It wasn’t until she was home again in England that Nora had looked up the cougar in a Mammals of North America book. That night and for the rest of the fortnight she had forgotten it. There were so many things to do and see. Walking and climbing in the mountains, fishing in the Crystal River, picking a single specimen of each flower and pressing it in the book she bought for the purpose, photographing hawks and eagles, watching the chipmunks run along the fences. Driving down to the little town of Hogan, where on their way to Telluride, Butch Cassidy and Sundance had stopped to rob the bank, visiting the hotel where the Clanton Gang had left bullets from their handguns in the bathroom wall, shopping, sitting in the hot springs and swimming in the cold pool. Eating in Hogan’s restaurant where elk steaks and rattlesnake burgers were specialities, and drinking in the Last Frontier Bar.

Carrie and Chuck said to come back next year or come in the winter when the skiing began. That was at the time when Hogan Springs was emerging as a ski resort. Or come in the spring when the snows melted and the alpine meadows burst into bloom, miraculous with gentians and avalanche lilies. And they did go again, but in late summer, a little later than in the previous year. The aspen leaves were yellowing, the scrub oak turning bronze.

‘We shall have snow in a month,’ Carrie said.

A black bear had come with her cubs and eaten Lily Johansson’s turkeys. ‘Like a fox at home,’ Gordon said. They went up to the top of Mount Opie in the new ski lift and walked down. It was five miles through fields of blue flax and orange gaillardias. The golden ridge and the pinecovered slopes looked serene in the early autumn sunshine, the skies were clear until late afternoon when the clouds gathered and the rain came. The rain was torrential for ten minutes and then it was hot and sunny again, the grass and wild flowers steaming. A herd of elk came close up to the house and one of them pressed its huge head and stubby horns against the window. They saw the black bear and her cubs through Chuck’s binoculars, loping along down in the green canyon.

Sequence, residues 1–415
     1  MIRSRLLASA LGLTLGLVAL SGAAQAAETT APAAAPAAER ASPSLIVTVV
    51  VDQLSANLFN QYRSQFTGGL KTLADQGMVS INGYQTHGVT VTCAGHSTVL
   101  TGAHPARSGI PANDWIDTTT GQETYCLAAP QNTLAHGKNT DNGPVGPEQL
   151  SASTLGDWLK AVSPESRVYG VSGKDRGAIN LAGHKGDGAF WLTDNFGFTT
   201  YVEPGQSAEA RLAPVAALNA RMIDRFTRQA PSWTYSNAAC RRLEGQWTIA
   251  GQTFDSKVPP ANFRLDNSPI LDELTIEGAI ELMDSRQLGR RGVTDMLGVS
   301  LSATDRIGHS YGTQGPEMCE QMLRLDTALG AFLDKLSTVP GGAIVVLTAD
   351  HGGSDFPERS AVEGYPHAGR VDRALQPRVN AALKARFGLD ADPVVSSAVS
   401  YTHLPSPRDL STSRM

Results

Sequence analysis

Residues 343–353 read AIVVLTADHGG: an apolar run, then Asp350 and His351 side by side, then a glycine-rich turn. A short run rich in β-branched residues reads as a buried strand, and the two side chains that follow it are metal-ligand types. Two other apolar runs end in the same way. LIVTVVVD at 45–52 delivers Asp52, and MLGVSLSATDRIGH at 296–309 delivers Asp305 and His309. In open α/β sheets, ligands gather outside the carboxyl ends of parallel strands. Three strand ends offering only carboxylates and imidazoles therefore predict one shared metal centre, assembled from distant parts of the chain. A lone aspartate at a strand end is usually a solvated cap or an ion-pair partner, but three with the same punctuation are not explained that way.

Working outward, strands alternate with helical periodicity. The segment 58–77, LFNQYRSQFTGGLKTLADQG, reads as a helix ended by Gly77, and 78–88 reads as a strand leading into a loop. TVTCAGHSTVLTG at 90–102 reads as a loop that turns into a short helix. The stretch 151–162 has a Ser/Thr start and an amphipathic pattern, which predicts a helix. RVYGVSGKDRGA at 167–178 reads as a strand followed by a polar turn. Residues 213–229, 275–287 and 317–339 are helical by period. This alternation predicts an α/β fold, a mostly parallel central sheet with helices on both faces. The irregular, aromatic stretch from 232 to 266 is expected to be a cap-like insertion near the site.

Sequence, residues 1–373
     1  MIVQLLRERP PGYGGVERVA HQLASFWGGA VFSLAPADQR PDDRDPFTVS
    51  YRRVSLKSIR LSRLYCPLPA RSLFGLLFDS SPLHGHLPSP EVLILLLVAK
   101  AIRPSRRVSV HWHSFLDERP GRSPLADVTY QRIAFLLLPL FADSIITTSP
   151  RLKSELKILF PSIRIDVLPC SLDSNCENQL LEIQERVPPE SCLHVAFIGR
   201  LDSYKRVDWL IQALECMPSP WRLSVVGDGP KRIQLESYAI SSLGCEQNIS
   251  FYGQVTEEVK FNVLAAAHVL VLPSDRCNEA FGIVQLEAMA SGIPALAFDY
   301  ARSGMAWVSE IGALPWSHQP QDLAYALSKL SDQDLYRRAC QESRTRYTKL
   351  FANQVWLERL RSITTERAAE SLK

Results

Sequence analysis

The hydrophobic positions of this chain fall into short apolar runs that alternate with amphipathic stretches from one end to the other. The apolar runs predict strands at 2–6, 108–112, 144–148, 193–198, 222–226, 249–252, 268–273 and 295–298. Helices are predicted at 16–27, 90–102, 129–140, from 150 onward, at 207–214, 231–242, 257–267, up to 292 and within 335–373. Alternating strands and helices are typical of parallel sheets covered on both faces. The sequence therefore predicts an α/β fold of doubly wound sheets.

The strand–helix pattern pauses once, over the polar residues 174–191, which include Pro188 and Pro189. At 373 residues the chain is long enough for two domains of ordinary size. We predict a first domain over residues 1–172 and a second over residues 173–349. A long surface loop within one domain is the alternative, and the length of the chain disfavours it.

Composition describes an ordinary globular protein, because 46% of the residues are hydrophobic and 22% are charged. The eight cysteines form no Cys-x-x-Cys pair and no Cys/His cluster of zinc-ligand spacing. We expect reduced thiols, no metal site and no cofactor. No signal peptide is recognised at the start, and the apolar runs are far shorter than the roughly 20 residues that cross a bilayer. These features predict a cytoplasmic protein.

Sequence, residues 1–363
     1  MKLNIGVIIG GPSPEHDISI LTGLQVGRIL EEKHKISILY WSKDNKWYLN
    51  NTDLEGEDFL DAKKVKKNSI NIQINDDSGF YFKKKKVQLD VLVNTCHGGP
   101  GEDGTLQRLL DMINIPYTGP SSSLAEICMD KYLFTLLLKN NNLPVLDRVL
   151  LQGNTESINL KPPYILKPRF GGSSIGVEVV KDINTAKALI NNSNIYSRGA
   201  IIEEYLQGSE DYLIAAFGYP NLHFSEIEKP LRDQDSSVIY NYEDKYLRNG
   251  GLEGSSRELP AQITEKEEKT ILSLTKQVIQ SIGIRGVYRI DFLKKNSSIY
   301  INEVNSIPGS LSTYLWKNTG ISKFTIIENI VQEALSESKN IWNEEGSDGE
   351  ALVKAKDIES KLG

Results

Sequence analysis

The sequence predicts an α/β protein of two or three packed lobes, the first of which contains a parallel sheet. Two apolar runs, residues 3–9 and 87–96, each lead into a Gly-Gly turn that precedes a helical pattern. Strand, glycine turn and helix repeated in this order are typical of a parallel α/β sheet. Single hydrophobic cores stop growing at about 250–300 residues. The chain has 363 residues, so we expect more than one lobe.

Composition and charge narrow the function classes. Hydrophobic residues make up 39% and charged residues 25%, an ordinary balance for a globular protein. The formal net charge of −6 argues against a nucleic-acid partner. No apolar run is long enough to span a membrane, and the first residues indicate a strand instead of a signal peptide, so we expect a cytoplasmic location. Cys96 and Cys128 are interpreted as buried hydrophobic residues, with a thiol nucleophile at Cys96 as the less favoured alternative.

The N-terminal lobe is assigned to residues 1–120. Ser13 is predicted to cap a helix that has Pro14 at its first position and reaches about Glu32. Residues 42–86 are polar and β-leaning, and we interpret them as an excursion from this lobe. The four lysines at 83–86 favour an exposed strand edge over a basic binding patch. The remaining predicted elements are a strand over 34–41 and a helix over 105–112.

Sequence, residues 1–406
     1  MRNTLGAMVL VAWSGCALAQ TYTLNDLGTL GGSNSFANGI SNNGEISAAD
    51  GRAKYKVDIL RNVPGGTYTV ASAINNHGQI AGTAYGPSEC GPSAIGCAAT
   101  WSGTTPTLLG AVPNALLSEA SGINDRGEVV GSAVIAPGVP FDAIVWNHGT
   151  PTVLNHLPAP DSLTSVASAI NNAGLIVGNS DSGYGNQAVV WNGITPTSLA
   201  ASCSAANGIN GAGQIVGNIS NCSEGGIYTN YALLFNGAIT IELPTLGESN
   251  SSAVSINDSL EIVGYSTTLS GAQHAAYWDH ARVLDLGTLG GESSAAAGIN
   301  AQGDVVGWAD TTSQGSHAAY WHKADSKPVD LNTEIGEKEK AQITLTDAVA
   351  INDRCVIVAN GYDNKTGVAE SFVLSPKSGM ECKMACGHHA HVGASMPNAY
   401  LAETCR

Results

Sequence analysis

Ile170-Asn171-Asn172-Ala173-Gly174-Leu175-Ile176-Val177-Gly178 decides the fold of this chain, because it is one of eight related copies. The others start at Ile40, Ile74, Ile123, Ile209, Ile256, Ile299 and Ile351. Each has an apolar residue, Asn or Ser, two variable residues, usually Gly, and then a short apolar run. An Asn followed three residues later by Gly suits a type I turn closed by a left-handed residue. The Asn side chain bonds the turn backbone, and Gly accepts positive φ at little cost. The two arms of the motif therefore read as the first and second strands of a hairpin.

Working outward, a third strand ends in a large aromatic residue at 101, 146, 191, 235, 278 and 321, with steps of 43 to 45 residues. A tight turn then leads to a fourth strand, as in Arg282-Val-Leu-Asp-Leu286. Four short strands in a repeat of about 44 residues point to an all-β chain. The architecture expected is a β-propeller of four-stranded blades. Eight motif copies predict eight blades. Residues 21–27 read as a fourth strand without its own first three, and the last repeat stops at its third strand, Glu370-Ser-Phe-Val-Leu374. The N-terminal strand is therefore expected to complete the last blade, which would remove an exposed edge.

‘One day I’ll see the cougar,’ Nora said and Gordon asked if cougars were an endangered species.

‘I wouldn’t think so. There are supposed to be mountain lions in every state of the United States, but I guess most of them are here. You ought to talk to Lily Johansson, she’s often seen them.’

‘There was a boy got killed by one last fall,’ Carrie said. ‘He was cycling and the thing came out of the woods, pulledhim off his bike and well – ate him, I suppose. Or started to eat him. It was scared off. They’re protected, so there was nothing to be done.’

Cougar stories abounded. Everyone had one. Some of them sounded like urban – rural, rather – myths. There was the one about the woman out walking with her little boy in Winter Park and who came face to face with a cougar on the mountain. She put the child on her shoulders and told him to hold up his arms so that, combined, they made a creature eight feet tall, which was enough to frighten the animal off. The boy in the harness shop in Hogan had one about the man out with his dog. To save himself he had to let the cougar kill and eat his dog while he got away. In the town Nora bought a reproduction of Audubon’s drawing of a cougar, graceful, powerful, tawny, with a cat’s mysterious closed-in face.

‘I thought they were small, like a lynx,’ Gordon said.

‘They’re the size of an African lion – well, lioness. That’s what they look like, a lioness.’

‘I shall frame my picture,’ Nora said, ‘and one day I’ll see the real thing.’